Encyclopedia of Vampire Mythology

A B C D E F G H I J K L M N O P [R] S T U V W X Y Z


Variations: Mokosh, Rusalky, Samovily
In the Republic of Slovenia there is a type of vampiric fay known as a rusalka ("shore"), said to be a member of the Unseelie Court, a spinner of Fate, and a regulator of the seasons. It is created when a child dies before it has been baptized or if an adolescent dies a virgin.
Rusalka descriptions vary slightly from region to region. In some areas it looks like a young girl on the brink of womanhood—very beautiful with long, flowing HAIR that is GREEN and decorated with poppies. In other places the rusalka wears a beautiful gown or tunic or nothing more than some strategically placed leaves. Other accounts describe the rusalka as looking like a drowned corpse or a mermaid. Its male counterpart is called a VODYANIK. It looks like a very handsome young man, but no matter where it is or what it is wearing, the left side of its body is always wet. But no matter the region one is in or the gender of the rusalka one may see, it will always be attractive and in or near the water.
On the nights of the full moon, rusalka can be found in ponds or rivers, and it will kill cattle and horses that come too close to the water's edge. If it sees a handsome man, it will lure him into the water with it, as it is looking for someone to pass the night in pleasure with. However, the man seldom survives the experience; the rusalka ends up draining him of his youth and life (see ENERGY VAMPIRE), and more often than not, forgets in the throes of passion that its human lover needs to breathe air. However, the very few men who have managed to escape the embrace of a rusalka say that its love is literally worth dying for. Apart from men, from time to time a rusalka will want a child of its own and will snatch one up from the water's edge. It takes the child to its home under the water, where the human will inevitably drown.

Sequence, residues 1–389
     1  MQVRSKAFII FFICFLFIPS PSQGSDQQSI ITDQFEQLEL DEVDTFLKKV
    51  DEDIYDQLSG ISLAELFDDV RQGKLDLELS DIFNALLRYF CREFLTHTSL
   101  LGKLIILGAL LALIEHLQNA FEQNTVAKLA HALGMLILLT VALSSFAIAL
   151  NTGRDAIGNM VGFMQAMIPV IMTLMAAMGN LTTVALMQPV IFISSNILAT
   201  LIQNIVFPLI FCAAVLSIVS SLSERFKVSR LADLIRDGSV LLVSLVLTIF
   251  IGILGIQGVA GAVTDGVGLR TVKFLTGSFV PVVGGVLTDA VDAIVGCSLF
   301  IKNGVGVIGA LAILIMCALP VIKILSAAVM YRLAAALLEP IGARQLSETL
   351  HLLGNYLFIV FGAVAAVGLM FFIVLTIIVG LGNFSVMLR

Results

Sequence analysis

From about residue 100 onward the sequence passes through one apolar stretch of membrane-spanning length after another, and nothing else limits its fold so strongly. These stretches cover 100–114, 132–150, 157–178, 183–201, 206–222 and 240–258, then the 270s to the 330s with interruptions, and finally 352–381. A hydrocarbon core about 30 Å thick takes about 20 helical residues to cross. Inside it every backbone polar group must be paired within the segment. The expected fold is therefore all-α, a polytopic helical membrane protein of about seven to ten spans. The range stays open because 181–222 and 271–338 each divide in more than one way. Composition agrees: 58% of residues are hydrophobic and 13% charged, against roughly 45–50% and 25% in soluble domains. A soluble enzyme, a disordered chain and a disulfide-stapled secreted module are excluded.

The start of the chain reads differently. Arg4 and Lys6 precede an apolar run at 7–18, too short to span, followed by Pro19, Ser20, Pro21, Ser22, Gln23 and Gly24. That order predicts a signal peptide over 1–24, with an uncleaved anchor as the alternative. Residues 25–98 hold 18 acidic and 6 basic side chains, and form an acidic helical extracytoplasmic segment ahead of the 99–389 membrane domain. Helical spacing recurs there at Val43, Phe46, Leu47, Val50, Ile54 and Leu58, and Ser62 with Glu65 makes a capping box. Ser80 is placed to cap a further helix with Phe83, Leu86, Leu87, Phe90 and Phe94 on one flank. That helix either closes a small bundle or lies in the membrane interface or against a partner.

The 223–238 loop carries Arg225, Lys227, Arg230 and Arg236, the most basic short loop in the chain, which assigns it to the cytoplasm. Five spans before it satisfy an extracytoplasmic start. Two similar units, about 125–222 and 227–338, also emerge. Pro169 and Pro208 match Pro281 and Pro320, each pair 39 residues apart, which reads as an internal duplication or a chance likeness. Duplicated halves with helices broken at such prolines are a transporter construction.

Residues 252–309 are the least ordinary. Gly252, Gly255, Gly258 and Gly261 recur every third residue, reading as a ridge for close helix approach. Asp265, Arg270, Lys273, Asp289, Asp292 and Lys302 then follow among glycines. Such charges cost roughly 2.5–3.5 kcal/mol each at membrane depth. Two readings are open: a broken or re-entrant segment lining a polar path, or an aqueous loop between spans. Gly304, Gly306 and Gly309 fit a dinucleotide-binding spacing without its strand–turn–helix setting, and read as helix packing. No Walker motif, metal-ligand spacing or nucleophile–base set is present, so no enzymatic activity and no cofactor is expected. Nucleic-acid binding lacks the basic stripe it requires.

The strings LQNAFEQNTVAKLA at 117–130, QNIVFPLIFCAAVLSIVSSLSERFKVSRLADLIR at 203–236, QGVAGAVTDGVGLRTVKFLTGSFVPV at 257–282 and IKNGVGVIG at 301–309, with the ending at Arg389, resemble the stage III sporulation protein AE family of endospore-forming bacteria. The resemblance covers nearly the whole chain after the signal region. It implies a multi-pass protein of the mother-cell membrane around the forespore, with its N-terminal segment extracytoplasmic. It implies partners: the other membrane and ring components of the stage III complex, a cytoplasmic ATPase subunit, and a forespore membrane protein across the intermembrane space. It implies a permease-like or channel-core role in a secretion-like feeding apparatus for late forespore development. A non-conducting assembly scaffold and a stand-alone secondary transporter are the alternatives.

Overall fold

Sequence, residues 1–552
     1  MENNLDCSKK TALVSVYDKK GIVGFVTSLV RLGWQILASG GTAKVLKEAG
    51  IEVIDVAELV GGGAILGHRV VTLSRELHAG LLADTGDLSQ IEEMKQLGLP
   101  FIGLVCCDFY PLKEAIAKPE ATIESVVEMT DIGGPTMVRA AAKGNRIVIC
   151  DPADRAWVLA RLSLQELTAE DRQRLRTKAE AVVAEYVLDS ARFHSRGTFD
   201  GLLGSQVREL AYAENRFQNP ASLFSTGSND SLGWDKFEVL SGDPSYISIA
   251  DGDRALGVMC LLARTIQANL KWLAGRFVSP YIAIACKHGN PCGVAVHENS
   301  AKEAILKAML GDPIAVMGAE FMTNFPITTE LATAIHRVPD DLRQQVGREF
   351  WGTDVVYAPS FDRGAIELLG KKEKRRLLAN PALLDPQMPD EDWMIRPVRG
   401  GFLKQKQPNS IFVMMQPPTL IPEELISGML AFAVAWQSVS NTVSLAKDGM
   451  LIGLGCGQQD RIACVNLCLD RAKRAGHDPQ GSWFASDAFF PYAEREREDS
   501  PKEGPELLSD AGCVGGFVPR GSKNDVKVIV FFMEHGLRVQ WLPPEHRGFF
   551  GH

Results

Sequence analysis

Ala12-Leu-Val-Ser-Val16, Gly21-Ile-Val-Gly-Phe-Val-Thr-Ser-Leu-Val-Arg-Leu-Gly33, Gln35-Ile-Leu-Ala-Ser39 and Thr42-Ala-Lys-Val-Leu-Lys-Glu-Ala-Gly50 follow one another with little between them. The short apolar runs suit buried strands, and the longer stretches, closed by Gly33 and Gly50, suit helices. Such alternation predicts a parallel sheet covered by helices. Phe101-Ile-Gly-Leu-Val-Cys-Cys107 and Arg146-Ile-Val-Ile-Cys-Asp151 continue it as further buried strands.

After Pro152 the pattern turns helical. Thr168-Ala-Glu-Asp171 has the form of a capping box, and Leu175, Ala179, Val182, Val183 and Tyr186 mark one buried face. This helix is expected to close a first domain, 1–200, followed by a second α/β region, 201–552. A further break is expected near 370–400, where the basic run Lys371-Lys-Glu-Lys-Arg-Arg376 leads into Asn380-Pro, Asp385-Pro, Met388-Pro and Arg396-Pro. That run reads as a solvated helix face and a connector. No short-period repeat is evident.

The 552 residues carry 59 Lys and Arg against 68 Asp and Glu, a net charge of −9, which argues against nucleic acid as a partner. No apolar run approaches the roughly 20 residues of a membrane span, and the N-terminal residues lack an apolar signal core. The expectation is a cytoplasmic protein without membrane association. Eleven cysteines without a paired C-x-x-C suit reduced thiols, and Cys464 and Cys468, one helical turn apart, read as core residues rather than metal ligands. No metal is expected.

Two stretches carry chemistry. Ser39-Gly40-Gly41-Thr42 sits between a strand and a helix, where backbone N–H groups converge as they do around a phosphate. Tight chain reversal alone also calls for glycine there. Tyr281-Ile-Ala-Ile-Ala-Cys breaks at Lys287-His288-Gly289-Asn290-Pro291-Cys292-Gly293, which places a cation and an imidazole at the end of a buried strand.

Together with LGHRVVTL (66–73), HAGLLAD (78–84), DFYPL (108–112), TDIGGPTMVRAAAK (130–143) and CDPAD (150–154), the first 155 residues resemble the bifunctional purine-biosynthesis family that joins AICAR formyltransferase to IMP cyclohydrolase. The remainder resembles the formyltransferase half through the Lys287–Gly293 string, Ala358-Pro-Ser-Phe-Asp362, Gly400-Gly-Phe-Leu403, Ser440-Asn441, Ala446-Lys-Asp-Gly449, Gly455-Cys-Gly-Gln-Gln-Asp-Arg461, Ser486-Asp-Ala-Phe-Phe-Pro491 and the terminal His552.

Rusalka do not allow anyone to bathe in the water it calls home or even in water near its favorite dancing places. It will do everything in its power to drown them. To prevent one from attacking, one should tie ribbons and scarves to its sacred trees and leave gifts of eggs for it. Under Christian influence, the rusalka cannot stand the sight of the CRUCIFIX and will quickly flee if it hears prayers being recited.
Before Christianity came to the region, the rusalka was most likely originally the singular entity Mokosh, goddess of bounty, fertility, and moisture. Mokosh looked after women while they worked.
Source: Hubbs, Mother Russia, 24 ­35; Ivanits, Russian Folk Belief, 75­80; Mack, Field Guide to Demons, 19; Willis, World Mythology, 211­13

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